Ensuring that all this different content cohered took more collaboration across General Mills’ marketing teams than in previous campaigns, Cunningham said.
“Instead of going off in silos and working on things, every day we talked and said, ‘How do we make this work together?’” he said. “There was an extra amount of collaboration to make sure the work we did was complementary.”
General Mills used its first-party data to target known customers across platforms. It targeted prospects who showed high activity with product categories that have strong affinities to cereal. Third-party data from Nielsen Catalina gave insight into in-store activity, such as point-of-sale data, to target prospects already purchasing similar fruity cereals.
General Mills hasn’t yet measured the results of the campaign, but it will start by looking at bottom-funnel metrics like sales to repeat buyers. It is, however, difficult to measure total campaign success, said Cunningham, because platform metrics like video views and completion rates vary by channel.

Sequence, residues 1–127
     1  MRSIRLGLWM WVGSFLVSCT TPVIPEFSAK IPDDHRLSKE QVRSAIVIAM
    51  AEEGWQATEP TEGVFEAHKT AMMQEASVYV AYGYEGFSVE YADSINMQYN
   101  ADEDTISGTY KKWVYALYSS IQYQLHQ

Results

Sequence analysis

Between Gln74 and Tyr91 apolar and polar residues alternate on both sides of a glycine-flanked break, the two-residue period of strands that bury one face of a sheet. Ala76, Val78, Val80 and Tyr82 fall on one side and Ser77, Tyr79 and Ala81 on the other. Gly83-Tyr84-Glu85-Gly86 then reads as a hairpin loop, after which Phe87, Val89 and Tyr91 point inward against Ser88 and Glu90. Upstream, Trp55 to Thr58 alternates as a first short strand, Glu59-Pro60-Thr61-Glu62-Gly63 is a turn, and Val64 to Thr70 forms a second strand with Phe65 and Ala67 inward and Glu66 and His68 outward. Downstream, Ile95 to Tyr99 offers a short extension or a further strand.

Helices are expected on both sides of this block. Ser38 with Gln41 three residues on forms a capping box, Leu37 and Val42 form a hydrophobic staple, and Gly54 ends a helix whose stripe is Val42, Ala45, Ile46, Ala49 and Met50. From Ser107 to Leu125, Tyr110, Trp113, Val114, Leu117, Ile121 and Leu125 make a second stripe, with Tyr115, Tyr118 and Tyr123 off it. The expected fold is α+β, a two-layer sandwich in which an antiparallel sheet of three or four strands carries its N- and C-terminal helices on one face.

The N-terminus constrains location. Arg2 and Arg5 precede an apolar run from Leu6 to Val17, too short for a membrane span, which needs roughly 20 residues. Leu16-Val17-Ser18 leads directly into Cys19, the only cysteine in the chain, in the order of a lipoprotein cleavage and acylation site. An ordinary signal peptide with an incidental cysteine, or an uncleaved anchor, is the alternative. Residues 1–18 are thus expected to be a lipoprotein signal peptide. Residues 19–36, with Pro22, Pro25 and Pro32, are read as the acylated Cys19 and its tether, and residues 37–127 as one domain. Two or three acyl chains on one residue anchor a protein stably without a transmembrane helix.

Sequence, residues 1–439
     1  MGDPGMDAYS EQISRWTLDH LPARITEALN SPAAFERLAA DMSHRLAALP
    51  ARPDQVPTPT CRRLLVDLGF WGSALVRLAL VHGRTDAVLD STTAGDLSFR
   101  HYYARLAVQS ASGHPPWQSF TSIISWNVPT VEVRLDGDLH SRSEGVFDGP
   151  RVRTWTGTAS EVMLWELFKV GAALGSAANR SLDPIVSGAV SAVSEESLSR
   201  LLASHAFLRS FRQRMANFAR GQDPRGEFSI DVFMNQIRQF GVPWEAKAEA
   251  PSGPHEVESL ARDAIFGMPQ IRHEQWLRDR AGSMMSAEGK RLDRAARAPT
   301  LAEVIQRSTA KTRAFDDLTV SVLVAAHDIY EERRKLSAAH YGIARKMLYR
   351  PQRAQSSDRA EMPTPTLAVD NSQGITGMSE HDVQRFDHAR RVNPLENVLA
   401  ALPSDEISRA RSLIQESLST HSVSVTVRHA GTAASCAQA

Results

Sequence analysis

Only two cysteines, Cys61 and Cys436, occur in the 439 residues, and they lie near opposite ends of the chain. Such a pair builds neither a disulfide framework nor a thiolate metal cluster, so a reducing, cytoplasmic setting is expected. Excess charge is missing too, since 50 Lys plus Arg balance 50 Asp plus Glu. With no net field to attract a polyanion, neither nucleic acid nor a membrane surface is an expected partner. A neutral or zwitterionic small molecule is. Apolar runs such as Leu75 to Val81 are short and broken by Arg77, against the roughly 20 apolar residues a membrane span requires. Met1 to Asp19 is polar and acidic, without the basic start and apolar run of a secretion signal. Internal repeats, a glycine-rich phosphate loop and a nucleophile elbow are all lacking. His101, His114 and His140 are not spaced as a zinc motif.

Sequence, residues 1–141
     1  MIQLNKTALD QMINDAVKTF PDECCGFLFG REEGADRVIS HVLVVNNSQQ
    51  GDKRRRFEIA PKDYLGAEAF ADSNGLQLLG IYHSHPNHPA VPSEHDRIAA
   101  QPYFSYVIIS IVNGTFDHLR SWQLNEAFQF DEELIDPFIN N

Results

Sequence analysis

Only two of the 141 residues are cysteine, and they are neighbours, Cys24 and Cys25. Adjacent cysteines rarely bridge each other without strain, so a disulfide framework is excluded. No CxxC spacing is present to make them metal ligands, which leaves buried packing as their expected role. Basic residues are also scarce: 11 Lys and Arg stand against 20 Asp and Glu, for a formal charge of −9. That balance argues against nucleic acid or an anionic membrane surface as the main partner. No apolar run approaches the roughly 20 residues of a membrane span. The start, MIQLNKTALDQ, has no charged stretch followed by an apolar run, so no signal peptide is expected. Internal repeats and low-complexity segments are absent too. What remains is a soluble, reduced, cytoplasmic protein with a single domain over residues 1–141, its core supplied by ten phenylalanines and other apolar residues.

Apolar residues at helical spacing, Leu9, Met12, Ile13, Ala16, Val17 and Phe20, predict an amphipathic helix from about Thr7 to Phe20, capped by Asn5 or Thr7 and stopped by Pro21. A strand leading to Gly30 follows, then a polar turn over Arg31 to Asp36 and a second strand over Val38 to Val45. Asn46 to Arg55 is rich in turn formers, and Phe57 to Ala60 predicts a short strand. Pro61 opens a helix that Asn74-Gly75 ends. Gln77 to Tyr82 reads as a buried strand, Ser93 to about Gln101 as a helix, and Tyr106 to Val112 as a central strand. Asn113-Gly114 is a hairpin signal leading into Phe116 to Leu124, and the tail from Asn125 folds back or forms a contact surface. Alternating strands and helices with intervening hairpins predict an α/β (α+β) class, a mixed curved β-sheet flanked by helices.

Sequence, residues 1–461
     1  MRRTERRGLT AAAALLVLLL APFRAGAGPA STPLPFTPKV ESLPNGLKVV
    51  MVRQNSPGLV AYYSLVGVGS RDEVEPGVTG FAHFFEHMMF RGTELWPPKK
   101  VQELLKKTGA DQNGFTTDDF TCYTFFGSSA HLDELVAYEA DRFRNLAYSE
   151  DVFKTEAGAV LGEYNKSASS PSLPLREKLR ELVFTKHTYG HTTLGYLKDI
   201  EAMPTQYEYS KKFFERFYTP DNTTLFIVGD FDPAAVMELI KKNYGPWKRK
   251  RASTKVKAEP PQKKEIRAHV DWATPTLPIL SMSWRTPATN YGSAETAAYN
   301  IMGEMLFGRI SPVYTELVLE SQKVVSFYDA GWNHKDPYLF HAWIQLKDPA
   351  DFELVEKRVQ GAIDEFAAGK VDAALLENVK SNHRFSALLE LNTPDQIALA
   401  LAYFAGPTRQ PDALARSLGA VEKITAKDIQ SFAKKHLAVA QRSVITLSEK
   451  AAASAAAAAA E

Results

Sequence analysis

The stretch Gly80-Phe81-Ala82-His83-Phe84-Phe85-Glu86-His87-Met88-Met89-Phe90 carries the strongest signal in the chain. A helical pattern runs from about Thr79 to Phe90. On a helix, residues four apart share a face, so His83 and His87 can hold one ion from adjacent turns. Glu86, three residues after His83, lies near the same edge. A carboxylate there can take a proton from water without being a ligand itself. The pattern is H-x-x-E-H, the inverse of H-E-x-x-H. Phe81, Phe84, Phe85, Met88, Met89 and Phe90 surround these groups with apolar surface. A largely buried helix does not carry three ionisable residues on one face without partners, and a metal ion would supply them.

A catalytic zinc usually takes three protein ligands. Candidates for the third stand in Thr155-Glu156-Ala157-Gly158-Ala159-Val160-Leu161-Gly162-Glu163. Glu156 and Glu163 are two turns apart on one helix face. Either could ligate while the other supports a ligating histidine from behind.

“It’s many more metrics were used to looking at in the past,” Cunningham said. “They are by vehicle and a little fuzzier than we’d like.”
He pointed to Snapchat as a challenging platform to measure because it doesn’t yet have specific data points or pure reporting around media effectiveness.
“What comes with Snapchat is still a lot of question marks,” he said.
Mindshare, the company’s media agency, will help General Mills analyze campaign data and direct spend toward the most successful channels.
General Mills will consider expanding its Tiny Toast advertising to more traditional channels like linear TV, as research shows the brand resonates with demographics beyond millennials. But for now, Tiny Toast hasn’t yet maximized its opportunities on digital, Cunningham said.
“We feel like we could do a lot more in digital and social channels and spend more.”